When I was an undergrad student at SUNY New Paltz my major was English. My degree required six credits of writing courses and I took the opportunity to enroll in creative writing classes. I learned a method of writing called “stream of consciousness”. The technique, defined my Masterclass.com as such
“Stream of consciousness writing refers to a narrative technique where the thoughts and emotions of a narrator or character are written out such that a reader can track the fluid mental state of these characters” (Masterclass, 2019)
Essentially, a fancy way of freewriting. Our professors would encourage us to use the technique when we were stuck on our writing pieces. “Write what comes to mind. Let the emotions flow naturally” With all the pent up frustration built up over the past few days, I decided to just write. I owe them that much.
A Most Peculiar Dream
Where do I start? When does it end? My voice, silent, my prayers unspoken, my Bible untouched. Lord forgive me. Forgive us. We failed. We continue to fail you, to break your heart. What’s one to do? You tell us to turn the other cheek and our skin has been slapped raw by racism, oppression and violence. The blood. So much blood. So little air. I hide in your fortress, yet the cries of the suffering overpower my ears. I see George Floyd, his eyes bulging oxygen swiftly leaving his body like leaves being swept up by a powerful Autumn wind. He looks at me and cries “help”. I look at the man with a knee to his throat. He eyes me, reaches behind him…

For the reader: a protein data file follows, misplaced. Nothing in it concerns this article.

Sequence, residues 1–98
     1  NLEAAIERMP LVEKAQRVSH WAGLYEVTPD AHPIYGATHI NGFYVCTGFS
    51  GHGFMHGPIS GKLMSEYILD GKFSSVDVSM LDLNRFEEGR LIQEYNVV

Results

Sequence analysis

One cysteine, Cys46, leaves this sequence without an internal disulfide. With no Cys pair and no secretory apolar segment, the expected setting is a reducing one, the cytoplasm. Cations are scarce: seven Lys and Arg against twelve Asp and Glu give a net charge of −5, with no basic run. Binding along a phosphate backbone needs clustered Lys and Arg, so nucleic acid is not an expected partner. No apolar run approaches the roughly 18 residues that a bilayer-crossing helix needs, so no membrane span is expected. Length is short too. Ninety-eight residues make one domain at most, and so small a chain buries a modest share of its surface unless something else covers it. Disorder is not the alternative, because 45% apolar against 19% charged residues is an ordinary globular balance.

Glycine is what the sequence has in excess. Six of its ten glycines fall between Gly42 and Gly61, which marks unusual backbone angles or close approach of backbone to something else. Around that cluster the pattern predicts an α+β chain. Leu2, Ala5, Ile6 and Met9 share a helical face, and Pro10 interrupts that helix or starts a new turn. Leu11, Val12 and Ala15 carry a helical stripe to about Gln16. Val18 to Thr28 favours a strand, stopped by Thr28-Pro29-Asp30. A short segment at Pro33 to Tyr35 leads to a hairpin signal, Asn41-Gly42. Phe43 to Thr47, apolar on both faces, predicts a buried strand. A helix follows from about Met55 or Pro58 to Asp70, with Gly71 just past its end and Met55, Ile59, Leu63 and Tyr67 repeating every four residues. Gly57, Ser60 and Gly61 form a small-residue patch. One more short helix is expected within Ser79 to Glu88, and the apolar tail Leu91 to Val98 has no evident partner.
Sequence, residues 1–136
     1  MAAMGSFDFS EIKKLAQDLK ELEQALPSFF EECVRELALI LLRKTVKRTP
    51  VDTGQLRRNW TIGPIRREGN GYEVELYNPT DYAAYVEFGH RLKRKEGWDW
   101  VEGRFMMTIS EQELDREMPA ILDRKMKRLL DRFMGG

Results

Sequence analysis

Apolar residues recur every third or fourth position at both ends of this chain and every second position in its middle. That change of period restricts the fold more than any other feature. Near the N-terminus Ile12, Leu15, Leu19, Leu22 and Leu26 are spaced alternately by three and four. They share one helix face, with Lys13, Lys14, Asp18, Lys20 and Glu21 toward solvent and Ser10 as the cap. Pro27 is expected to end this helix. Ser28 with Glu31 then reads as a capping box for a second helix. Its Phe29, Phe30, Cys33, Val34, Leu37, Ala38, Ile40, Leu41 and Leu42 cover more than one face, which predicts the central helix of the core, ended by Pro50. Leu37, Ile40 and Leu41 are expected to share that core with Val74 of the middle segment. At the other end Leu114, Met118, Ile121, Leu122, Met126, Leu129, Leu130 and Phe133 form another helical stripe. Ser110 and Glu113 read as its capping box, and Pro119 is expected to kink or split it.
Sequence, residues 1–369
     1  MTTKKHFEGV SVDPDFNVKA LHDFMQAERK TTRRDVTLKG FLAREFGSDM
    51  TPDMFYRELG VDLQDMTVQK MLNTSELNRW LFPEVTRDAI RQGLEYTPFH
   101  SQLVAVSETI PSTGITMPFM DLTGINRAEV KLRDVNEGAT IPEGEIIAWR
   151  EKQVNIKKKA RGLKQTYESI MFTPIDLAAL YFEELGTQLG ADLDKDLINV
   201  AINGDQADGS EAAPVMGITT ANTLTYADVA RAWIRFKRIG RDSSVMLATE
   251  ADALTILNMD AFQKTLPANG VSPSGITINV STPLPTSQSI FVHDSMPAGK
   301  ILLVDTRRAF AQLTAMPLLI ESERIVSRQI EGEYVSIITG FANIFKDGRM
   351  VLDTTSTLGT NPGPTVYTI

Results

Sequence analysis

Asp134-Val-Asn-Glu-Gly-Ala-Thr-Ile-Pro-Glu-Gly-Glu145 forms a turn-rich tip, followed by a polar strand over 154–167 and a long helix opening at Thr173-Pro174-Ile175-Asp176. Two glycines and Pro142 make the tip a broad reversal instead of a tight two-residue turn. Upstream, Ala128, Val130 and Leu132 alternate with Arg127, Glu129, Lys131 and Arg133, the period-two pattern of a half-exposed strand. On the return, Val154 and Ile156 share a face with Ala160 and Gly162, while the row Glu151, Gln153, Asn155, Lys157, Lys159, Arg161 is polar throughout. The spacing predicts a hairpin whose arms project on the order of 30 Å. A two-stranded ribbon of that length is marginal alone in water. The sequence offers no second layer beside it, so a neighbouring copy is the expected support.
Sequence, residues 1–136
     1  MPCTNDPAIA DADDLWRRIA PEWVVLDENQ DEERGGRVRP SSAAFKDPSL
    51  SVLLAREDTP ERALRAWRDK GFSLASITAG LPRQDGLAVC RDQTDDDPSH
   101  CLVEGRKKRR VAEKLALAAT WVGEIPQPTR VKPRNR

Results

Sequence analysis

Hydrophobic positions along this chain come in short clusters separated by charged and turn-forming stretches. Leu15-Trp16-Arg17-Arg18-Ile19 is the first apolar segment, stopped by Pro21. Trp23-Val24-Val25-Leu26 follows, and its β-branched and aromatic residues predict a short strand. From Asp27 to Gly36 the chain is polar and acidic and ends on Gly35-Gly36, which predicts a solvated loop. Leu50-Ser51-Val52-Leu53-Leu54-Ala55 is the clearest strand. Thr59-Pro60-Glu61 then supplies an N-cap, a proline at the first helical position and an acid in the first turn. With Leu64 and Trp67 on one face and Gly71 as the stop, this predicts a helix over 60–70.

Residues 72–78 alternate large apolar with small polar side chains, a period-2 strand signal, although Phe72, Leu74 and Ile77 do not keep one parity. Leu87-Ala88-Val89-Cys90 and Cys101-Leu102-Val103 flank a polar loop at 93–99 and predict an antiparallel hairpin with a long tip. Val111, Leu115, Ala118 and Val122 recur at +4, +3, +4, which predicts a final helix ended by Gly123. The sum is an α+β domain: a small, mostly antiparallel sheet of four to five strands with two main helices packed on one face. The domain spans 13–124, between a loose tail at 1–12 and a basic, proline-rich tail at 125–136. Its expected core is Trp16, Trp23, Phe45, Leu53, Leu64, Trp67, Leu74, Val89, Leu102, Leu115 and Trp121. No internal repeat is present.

I jolt up from my sleep. A nightmare. Yes. Has to be. Then I hear a gasp beside me. I turn and like my brother George, the air rushes out of my lungs. Breonna. Blood soaks through the blue fabric of her EMT uniform. Her eyes. Blank. I can’t tell if she looking at me or past me. I reach for her but she falls back. I try to grab her and her clammy hands grab my arm. We both fall.
I slam down on concrete. My ribs sting from the impact and gravel embeds in my palms. A shadow envelops me and I look up. A tall, African-American male stands over me.
“Are you alright?” He asks. He frowns and bends down so he can meet me at eye level. His eyes are the color of freshly ground coffee beans.
“Where-Where am I?” I stutter. What’s happening?
He places a hand on my shoulder. “Hey, let me help. It’s alright, don’t be afraid” He holds out his hand. I take it. It’s ice cold.
We walk and I glance at the young man. He smiles back.
“What’s your name?” I ask.
He stops in besides me. His smile is gone.
I can’t breathe.
“Run”. I gasp.
I grab his hand. His palms have grown colder. Almost wax like. An engine revs behind us. Headlights.
I take off. We run and run and then BANG!
I fall back to the ground.
I wake up.
I see Ahmaud. I see Breonna. I see George. I see Tamir. I see Trayvon. I see Sandra. I see Michael. I see Alton. I see Eric. I see Philando. I see Amadou. I see Sean. I see Oscar. I see Rekia. I see Botham Jean. I see Aiyana. I see Emmett.
I’m stand up. I drift towards them.
I’m sorry I say.
Someone hands me a book. It’s black with Gold lettering on the spine. I recognize the title.
“Then fight back” they say.
I sit up. Silence. I’m back in my room.
I pick up my Bible. Time to read the battle plan.
(Written in honor of those we’ve lost to violence, bigotry, fear and hatred)
I John 1:7 Beloved, let us love one another, for love is from God, and whoever loves has been born of God and knows God. 8 Anyone who does not love does not know God, because God is love.” (NIV Version)